At least 450 children in 20 countries now suffering from acute hepatitis

Worldwide cases of acute hepatitis in children have surged to 450 children in at least 20 countries since the outbreak was first brought to the attention of the World Health Organization (WHO) by the Scottish National Health Service in early April. Acute hepatitis is inflammation of the liver that can lead to impending liver failure, a life-threatening condition. At present, 12 children worldwide have died during the ongoing outbreak.

In their first report to WHO, NHS Scotland wrote that “five children aged three to five presented with severe hepatitis of unknown etiology at the Royal Hospital for Children in Glasgow within a three-week period. The typical number of hepatitis cases of unknown etiology in Scotland would be less than four per year.”

Children and their caregivers arrive for school in New York, Monday, March 7, 2022. (AP Photo/Seth Wenig)

By April 8, the worldwide number of cases had risen to 74. All cases had tested negative for the usually suspected viruses. A number of children were documented to be infected with an adenovirus or COVID-19, although other factors were considered.

On April 15, the WHO issued the first of three disease outbreak warnings, asking health systems and public health officials to raise awareness and commitment to identifying, investigating and reporting cases of hepatitis. They said, “Given the increase in the number of reported cases over the past month and the improved search activity for cases, more cases are likely to be reported in the coming days.”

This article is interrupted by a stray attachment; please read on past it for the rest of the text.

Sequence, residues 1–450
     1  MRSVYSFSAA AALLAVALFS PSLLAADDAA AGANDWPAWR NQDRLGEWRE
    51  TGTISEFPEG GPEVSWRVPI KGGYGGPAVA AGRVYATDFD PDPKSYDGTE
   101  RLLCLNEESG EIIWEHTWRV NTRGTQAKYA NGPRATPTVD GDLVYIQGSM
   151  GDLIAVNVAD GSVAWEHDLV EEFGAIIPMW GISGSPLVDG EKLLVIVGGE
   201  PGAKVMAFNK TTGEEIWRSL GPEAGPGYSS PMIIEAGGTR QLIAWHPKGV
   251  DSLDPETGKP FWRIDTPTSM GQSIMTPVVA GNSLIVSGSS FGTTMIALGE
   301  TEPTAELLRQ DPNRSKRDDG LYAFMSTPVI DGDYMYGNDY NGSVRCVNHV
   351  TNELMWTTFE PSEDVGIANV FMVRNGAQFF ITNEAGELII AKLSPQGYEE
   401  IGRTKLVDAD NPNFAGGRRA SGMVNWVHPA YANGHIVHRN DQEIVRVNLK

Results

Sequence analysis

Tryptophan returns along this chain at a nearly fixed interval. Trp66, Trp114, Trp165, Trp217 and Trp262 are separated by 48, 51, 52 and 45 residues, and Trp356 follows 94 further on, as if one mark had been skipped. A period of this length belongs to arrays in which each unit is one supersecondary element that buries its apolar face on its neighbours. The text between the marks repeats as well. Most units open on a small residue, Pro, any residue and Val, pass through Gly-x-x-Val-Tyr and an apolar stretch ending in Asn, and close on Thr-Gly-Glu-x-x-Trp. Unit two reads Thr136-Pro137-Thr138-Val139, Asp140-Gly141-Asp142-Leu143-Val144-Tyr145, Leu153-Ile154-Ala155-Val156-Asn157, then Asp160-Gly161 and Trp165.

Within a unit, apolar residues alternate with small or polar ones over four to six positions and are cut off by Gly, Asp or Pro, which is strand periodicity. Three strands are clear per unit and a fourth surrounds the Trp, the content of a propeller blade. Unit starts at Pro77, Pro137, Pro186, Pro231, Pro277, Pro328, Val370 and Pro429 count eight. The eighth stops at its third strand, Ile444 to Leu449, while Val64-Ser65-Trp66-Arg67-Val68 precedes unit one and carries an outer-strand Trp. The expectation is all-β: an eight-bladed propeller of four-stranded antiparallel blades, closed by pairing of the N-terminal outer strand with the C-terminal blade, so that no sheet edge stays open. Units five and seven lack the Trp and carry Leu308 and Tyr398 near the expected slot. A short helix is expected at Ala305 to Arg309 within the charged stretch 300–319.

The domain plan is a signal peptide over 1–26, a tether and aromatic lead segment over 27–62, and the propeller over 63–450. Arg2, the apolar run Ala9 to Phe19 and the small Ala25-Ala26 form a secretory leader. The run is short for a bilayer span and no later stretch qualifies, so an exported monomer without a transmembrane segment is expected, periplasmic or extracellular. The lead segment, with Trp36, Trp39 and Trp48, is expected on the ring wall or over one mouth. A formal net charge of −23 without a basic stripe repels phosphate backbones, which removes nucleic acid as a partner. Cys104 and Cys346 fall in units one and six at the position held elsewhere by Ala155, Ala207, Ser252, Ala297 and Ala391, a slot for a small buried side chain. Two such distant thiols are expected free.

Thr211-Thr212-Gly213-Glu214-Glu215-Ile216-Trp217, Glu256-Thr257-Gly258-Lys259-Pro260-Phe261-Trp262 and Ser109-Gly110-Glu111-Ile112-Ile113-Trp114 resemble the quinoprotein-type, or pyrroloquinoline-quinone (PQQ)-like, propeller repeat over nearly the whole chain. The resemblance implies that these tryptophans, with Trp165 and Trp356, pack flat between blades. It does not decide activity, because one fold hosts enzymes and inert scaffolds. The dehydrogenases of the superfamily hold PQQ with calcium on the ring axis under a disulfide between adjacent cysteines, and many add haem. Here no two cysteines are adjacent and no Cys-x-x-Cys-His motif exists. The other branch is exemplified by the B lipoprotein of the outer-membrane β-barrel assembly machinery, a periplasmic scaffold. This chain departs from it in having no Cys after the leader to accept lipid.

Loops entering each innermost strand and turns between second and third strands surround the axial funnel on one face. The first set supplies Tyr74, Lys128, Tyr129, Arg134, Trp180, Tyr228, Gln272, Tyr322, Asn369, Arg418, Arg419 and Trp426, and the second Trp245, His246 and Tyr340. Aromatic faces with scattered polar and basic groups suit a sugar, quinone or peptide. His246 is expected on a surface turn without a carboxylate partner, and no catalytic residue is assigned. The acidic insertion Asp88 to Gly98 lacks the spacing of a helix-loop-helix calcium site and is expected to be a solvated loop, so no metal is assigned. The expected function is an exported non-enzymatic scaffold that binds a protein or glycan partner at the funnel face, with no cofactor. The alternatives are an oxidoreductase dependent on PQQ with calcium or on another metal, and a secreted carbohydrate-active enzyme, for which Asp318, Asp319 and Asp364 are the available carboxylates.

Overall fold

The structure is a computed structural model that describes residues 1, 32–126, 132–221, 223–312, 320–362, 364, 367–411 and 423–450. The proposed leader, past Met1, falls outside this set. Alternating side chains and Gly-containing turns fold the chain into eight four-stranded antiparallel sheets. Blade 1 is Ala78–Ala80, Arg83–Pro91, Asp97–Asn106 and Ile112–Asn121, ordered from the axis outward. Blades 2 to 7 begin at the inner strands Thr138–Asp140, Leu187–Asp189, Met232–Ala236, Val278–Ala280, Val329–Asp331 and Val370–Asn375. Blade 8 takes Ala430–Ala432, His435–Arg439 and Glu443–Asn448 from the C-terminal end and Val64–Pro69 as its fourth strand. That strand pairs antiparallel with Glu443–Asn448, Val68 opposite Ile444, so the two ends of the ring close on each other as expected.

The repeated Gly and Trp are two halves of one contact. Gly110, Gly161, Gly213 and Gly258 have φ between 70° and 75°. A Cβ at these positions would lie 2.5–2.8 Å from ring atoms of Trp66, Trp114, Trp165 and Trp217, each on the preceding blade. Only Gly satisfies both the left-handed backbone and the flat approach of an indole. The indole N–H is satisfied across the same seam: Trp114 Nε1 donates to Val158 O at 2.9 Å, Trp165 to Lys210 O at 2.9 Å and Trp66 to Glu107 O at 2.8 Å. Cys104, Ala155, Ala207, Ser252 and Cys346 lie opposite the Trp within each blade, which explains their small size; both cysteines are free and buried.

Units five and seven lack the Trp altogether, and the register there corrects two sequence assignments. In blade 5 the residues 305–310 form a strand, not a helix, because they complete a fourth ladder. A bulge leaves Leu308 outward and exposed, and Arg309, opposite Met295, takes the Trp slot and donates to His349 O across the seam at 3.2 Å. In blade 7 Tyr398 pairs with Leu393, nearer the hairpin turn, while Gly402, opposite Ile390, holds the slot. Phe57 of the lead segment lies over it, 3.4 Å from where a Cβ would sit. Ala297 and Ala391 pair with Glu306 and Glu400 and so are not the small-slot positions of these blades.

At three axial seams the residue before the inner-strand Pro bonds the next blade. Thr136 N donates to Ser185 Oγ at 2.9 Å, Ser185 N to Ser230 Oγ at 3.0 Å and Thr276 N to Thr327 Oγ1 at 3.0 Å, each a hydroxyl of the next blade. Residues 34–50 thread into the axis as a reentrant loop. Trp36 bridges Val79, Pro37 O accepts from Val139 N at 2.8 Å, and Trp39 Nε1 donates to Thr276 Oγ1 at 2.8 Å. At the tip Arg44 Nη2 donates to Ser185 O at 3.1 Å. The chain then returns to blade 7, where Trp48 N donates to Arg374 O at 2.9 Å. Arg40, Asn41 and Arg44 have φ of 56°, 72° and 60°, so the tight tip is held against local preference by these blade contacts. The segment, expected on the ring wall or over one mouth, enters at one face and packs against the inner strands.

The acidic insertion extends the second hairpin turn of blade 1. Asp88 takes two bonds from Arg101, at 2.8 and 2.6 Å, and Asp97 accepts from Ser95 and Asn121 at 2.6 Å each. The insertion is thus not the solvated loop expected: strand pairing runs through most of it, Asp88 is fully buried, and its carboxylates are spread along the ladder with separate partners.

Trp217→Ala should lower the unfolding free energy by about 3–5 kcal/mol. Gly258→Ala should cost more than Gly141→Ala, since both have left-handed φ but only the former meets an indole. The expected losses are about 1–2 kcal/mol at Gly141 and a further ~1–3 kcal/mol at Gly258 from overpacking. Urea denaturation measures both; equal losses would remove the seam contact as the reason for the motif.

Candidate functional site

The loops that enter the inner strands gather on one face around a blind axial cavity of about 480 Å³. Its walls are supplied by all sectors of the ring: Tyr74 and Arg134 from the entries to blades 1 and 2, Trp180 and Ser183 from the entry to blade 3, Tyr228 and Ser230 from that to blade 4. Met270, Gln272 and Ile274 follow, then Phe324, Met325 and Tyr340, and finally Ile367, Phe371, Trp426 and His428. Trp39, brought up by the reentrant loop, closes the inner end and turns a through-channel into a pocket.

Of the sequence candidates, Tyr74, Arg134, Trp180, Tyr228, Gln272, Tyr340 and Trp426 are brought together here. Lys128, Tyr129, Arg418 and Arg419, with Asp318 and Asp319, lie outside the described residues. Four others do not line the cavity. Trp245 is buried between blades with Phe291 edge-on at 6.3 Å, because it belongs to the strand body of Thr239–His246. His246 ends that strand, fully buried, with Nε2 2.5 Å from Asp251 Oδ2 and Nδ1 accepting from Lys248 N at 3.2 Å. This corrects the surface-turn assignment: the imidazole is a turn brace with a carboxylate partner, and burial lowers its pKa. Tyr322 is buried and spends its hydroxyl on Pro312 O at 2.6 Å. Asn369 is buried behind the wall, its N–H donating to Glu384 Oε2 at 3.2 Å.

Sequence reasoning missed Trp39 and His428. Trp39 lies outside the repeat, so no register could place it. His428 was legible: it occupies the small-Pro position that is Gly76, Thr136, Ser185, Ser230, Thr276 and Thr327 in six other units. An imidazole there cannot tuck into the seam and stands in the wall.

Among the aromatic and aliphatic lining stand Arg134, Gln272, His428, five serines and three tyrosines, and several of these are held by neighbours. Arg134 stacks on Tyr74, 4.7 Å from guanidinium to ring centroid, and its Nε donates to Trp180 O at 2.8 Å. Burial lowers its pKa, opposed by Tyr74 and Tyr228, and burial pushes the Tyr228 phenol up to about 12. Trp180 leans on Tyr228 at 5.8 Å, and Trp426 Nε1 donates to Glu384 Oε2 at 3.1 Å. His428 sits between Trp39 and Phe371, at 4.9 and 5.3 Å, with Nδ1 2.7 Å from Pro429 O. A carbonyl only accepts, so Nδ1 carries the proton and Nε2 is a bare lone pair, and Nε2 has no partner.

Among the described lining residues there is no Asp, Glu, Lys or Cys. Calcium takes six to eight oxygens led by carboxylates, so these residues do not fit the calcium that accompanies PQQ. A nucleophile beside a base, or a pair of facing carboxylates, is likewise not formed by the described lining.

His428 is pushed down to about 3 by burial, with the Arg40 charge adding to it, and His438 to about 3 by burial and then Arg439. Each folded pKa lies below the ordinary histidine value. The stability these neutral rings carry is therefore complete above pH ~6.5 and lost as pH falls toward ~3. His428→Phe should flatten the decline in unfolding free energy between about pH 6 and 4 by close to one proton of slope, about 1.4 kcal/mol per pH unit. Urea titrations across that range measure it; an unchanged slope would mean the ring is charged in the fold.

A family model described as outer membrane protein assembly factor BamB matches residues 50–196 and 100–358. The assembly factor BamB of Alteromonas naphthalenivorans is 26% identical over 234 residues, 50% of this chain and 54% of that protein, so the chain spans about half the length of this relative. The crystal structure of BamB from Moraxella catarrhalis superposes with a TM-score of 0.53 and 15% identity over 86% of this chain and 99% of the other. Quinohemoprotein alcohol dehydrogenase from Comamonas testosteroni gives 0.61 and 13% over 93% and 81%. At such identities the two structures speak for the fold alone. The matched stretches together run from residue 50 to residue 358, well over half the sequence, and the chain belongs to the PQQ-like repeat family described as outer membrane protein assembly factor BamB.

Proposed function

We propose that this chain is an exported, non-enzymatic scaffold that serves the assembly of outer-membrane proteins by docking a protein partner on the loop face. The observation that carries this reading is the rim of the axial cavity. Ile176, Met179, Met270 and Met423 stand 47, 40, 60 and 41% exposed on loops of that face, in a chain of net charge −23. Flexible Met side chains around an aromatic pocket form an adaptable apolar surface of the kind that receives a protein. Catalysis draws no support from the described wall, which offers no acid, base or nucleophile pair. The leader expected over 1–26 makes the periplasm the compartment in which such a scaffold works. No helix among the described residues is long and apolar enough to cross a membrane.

As of April 21, 169 cases had been reported in 12 countries, ranging in age from one month to 16 years old. The majority of these cases came from the UK, while the US had seen 11 cases by then. At that time, the WHO made it clear that the COVID-19 vaccines were not involved in the hepatitis outbreak, as a significant majority of affected children had not been vaccinated.

On Tuesday, the WHO announced that the number of probable cases of childhood hepatitis now stands at 348, spanning 20 countries in five global regions.

The recent spike in global pediatric hepatitis cases since late last month reflects the additions of the U.S. Centers for Disease Control and Prevention (CDC) in their ongoing investigation. There are currently 109 such cases in the US from a total of 25 states and territories.

dr. Jay Butler, the CDC’s deputy director for infectious diseases, noted that 90 percent of these children were hospitalized in October 2021, when nine such cases were identified in Alabama. He said 14 percent needed an emerging liver transplant and five of the children died tragically.

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